12 things I learned from the 2019 Carlsberg Malaysia AGM

12 things I learned from the 2019 Carlsberg Malaysia AGM

Established in 1969, Carlsberg Brewery Malaysia Berhad (Carlsberg Malaysia) is a listed subsidiary of Carlsberg A/S, which is incorporated in Copenhagen, Denmark. Carlsberg Malaysia is a brewer that carries various well-known alcoholic beverages ranging from Carlsberg to Somersby Cider.

Carlsberg Malaysia has operations in Malaysia and Singapore, and owns a 25% stake in an associate company, Lion Brewery (Ceylon) PLC, in Sri Lanka. It also exports products to various countries including Thailand, Taiwan, Hong Kong, Laos, Maldives, and Guam.

Carlsberg Malaysia recently saw its share price hit an all-time high of RM27.16 in April 2019 on the back of a record dividend. Can it sustain its level of performance? I went to its annual general meeting to find out more.

Here are 12 things I learned from the 2019 Carlsberg Malaysia AGM:

1. Revenue rose 14.6% year-on-year to RM2.0 billion in 2018. The achievement is due to 12% volume growth of its flagship brands Carlsberg and Carlsberg Smooth Draught across Malaysia and Singapore as well as 20% combined volume growth in premium brands portfolio — Kronenbourg 1664 Blanc, Somersby Cider, Asahi Super Dry, and Connor’s Stout Porter — in 2018. Besides traditional volume drivers such as Chinese New Year events, a football campaign conducted during the 2018 FIFA World Cup by Carlsberg Malaysia boosted its revenue by 10% on top of its underlying growth in June and July 2018.

2. Net profit grew 25.3% year-on-year to RM277.2 million in 2018. The hike in net profit is attributable to share of RM21.0 million profits in Sri Lankan operations in 2018 against a share of loss of RM0.2 million the year before. One-off charges relating to the 2016 floods in Sri Lanka and negative trade offer adjustments in 2017 did not recur in 2018. Carlsberg Malaysia had received all insurance claims from the 2016 floods and Sri Lankan operations are back to normal and generating profits. Product innovation and vigorous marketing efforts also contributed to the increase in net profit.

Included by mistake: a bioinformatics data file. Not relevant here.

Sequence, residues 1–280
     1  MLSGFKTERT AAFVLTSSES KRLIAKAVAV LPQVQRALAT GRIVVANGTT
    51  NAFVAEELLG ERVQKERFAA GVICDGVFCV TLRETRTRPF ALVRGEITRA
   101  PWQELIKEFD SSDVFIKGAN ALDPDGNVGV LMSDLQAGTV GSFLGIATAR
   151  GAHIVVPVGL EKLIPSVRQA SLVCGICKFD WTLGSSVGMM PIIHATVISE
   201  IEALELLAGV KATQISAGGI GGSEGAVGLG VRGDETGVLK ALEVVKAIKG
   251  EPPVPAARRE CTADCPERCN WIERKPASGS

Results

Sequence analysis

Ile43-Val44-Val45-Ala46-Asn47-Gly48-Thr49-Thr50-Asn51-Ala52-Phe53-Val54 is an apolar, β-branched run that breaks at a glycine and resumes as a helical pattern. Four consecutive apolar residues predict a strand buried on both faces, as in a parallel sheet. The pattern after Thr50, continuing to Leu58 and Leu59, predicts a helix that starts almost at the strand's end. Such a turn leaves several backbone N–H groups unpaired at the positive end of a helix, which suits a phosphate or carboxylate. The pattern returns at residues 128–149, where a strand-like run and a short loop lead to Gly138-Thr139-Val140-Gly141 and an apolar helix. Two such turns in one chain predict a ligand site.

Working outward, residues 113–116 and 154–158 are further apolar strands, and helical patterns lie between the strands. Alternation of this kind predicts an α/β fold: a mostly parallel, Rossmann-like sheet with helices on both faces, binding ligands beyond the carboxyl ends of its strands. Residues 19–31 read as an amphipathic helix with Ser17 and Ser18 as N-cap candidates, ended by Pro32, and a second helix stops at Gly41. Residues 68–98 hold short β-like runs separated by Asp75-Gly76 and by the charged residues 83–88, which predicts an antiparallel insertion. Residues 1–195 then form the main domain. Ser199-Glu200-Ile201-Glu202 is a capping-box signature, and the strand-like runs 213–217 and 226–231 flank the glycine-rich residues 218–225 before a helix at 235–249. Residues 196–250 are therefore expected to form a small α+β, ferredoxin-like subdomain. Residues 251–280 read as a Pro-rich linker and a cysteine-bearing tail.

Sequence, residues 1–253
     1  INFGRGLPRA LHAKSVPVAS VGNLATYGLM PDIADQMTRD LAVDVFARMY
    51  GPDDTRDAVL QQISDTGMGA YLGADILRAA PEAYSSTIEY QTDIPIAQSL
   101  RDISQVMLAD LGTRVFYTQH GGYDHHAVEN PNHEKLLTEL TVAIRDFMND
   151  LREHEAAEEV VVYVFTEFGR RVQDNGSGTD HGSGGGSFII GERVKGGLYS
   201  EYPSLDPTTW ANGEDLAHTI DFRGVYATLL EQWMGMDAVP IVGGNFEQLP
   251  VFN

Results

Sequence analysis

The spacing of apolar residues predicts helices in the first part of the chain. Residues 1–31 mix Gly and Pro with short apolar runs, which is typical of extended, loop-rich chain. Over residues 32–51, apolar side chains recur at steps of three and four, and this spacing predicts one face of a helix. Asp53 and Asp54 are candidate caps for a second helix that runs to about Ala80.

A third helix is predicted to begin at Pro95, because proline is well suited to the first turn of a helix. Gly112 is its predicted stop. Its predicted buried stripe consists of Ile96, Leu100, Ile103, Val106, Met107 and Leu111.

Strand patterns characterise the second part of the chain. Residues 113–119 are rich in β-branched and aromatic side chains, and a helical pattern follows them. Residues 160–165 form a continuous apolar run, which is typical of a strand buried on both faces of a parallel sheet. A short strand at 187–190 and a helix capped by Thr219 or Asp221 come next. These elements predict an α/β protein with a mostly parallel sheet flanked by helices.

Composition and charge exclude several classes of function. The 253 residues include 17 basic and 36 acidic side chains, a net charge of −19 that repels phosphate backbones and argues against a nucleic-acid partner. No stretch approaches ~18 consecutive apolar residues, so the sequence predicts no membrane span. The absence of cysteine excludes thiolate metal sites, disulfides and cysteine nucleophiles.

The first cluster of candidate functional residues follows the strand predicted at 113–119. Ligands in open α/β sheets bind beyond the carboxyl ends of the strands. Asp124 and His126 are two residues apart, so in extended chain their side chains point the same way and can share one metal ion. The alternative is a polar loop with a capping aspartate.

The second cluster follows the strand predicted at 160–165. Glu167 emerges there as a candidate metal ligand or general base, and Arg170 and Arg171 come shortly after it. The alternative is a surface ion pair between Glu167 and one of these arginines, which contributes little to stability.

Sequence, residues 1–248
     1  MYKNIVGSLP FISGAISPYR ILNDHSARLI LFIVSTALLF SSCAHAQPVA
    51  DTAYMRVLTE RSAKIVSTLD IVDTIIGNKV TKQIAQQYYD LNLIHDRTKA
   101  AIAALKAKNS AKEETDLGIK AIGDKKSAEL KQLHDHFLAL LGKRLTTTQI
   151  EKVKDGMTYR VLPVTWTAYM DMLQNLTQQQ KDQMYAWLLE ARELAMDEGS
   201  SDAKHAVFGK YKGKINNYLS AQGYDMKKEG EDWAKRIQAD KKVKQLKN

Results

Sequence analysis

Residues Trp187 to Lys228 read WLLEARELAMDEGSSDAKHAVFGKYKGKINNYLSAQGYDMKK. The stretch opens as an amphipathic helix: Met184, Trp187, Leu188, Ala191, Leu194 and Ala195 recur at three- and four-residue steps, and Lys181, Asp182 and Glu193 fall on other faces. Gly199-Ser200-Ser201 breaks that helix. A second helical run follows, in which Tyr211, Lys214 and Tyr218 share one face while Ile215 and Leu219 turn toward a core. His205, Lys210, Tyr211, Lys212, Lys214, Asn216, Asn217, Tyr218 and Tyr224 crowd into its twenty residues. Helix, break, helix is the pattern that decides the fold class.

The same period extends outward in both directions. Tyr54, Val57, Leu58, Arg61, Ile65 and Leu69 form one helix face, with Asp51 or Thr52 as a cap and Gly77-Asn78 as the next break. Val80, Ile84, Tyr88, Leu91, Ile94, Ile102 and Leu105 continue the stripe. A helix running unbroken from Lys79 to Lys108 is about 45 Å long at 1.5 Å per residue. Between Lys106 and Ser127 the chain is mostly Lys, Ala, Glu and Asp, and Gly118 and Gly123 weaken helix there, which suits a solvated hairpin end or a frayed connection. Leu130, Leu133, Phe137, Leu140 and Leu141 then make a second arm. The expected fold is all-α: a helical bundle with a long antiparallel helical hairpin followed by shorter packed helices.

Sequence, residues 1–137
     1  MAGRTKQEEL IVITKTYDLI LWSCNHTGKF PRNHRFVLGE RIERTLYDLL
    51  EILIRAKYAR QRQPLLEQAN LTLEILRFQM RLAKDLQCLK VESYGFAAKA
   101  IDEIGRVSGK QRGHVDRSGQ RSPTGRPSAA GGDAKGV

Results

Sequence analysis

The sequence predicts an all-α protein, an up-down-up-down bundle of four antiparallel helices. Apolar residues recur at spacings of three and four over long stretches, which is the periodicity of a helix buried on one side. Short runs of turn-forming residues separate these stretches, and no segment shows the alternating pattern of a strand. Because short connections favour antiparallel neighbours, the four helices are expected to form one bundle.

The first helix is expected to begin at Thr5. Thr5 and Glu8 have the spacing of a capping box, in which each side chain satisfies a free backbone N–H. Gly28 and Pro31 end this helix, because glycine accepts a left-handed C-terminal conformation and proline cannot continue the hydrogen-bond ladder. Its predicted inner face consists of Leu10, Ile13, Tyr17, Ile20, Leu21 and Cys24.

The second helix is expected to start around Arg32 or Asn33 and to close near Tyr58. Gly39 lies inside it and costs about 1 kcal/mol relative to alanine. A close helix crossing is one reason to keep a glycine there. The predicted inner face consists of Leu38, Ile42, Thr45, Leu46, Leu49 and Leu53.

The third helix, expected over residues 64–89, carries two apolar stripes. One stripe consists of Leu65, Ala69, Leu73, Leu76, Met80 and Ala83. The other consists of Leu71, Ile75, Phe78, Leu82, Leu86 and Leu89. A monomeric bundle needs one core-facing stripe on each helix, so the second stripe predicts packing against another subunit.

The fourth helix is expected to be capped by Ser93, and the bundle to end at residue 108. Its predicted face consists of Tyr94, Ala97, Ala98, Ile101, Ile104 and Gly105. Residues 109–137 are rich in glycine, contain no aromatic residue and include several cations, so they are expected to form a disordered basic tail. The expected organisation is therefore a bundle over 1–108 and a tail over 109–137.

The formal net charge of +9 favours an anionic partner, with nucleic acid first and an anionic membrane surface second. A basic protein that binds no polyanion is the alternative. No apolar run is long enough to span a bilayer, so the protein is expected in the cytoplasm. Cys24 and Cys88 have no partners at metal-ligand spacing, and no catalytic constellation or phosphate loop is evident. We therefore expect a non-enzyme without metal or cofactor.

3. Dividend per share was up 14.9% year-on-year to 100.0 sen in 2018. In February 2018,Carlsberg Malaysia announced a new dividend policy by paying out 100% of its annual net profit and at least 75% of its quarterly net profit on a quarterly basis to shareholders. A special dividend may also be considered like the case in the recent two years by balancing between company needs such as cash flow requirements versus shareholder rewards. 

4. Free cash flow increased 7.4% year-on-year to RM328.0 million in 2018. A shareholder was concerned about the decrease in Carlsberg Malaysia’s retained earnings from RM363.5 million in 2009 to RM17.3 million in 2018. CFO Lim Chee Keat explained that the depletion of its retained earnings is due to the dividend payout. The same shareholder added that the company’s liabilities exceed its net current assets in 2018. Lim does not view it as a concern as the company has healthy free cash flow. Current liabilities jumped from RM16.8 million year-on-year to RM75.0 million in 2018. Lim shared that the loans were borrowed on a short-term basis to finance the company’s working capital.

5. As highlighted by the Minority Shareholder Watch Group (MSWG), revenue generated from Singapore operations shrank 0.3% year-on-year to RM569.1 million in 2018. The beer market is expected to remain stable in Singapore. However, the import tax on beer from the European Union will be removed once the European Union-Singapore Free Trade Agreement is implemented in 2019. Consequently, operations in Singapore will face stiffer competition.

6. Production costs are escalating with raw materials: Malt prices are up between 15% and 20% as a result of bad harvests in Europe and Australia, glass bottles prices up by 4% in 2019, and utilities costs up by 6.6% in July 2018. Carlsberg Malaysia will pass on the additional costs to its distributors and retailers by adjusting the price of its products upward between 3% and 6%. Malt prices are predicted to be on the uptrend and has been hedged for 2019. In the recent Budget 2019 in Malaysia, there was no further increase in the excise duties, which is positive news to Carlsberg Malaysia. Both Singapore and Malaysia charge the second and third highest excise duties on beer globally.